By now, the virtualization vision has been so hyped that its concepts have been burned into our collective consciousness. Soon to be gone are the days when running a new application meant buying a new server, sticking a bunch of storage on it, and loading up the new application. The new order calls for flexible, virtualized network processing and storage that can self-allocate to meet the needs of any workload without so much as a click of a mouse.
As applications are divorced from their hardware and the resources of the data center are sliced and diced in any way necessary, the theory goes that utilization will rise, processing will speed up, and the data center will become the nimble, cost-effective business driver everyone had hoped for. In the perfect data center, each application runs on a virtual machine (VM) sized perfectly for it. If the application's resource needs grow, the VM simply grows with it.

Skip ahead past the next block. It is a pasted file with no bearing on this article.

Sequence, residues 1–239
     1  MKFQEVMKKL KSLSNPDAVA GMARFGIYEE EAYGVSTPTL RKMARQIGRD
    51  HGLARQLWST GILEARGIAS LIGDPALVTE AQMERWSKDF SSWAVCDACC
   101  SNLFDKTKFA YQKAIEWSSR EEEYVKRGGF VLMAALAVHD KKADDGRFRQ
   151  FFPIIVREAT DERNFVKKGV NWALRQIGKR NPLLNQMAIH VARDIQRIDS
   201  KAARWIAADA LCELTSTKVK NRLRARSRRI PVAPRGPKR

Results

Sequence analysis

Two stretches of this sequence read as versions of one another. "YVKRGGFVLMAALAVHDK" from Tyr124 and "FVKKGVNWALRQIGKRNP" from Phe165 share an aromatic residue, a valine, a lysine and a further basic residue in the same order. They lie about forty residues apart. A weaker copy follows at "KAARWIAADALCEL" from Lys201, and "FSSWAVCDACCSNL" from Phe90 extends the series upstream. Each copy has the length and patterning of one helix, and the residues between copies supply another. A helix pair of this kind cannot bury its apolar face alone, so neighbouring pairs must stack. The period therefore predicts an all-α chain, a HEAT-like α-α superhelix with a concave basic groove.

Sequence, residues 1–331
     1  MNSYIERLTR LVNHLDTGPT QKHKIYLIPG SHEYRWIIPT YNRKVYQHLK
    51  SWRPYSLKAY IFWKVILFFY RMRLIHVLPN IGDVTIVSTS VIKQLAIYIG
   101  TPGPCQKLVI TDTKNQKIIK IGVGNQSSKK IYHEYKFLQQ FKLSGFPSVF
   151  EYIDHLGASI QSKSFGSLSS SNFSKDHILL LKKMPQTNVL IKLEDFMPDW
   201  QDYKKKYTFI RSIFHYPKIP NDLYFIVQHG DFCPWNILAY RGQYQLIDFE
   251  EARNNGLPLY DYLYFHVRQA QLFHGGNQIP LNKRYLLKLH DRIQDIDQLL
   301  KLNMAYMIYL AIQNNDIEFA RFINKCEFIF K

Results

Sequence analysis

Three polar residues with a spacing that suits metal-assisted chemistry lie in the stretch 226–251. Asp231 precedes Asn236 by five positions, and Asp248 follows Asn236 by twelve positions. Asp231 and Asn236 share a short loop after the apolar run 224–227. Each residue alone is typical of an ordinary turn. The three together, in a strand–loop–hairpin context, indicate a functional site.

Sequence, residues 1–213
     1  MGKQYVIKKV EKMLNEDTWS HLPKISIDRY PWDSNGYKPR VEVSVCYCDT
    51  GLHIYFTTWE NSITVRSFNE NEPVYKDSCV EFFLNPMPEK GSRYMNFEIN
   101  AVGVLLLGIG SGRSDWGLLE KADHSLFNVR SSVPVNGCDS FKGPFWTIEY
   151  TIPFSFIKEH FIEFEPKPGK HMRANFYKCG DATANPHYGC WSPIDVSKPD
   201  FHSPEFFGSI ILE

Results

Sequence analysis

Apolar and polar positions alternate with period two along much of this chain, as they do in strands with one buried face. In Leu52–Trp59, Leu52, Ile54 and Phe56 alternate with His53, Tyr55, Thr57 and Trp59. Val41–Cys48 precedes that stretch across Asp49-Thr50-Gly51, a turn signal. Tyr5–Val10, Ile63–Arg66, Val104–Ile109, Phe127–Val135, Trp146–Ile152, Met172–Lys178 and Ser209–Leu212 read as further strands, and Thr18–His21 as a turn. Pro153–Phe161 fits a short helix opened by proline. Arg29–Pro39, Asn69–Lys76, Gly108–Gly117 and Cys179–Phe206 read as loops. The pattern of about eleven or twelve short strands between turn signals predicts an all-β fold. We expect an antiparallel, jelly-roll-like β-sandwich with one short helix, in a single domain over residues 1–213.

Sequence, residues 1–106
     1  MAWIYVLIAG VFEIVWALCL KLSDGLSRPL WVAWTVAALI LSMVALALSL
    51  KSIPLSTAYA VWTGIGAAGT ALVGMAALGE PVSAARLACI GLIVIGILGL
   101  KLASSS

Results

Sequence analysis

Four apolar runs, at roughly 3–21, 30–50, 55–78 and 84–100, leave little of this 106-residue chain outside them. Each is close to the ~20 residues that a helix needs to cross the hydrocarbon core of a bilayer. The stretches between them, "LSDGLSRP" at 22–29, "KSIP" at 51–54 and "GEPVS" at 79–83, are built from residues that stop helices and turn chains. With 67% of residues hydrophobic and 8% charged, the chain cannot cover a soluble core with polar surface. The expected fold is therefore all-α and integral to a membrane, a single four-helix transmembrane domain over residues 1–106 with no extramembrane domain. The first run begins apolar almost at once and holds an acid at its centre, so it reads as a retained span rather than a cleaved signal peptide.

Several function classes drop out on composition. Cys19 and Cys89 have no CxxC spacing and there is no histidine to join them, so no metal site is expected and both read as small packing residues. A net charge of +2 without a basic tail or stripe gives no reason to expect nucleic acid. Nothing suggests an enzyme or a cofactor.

As Linux becomes the heir apparent to proprietary Unix offerings, it's these virtualization capabilities that will be the measure of whether or not Linux is fit for the data center throne. But just how fit is Linux for the crown, and who's driving its progress?
Three different approaches to Linux virtualization have taken the limelight. The first and most well-known is VMware's, which calls for full virtualization and allows for such unique capabilities as running Windows and Linux on the same server. The Xen open-source project takes an approach called paravirtualization, in which the kernel is modified so that the OS knows it's running virtualized. While you won't be running Windows alongside Linux with Xen just yet, you'll see some performance advantages over the VMware approach.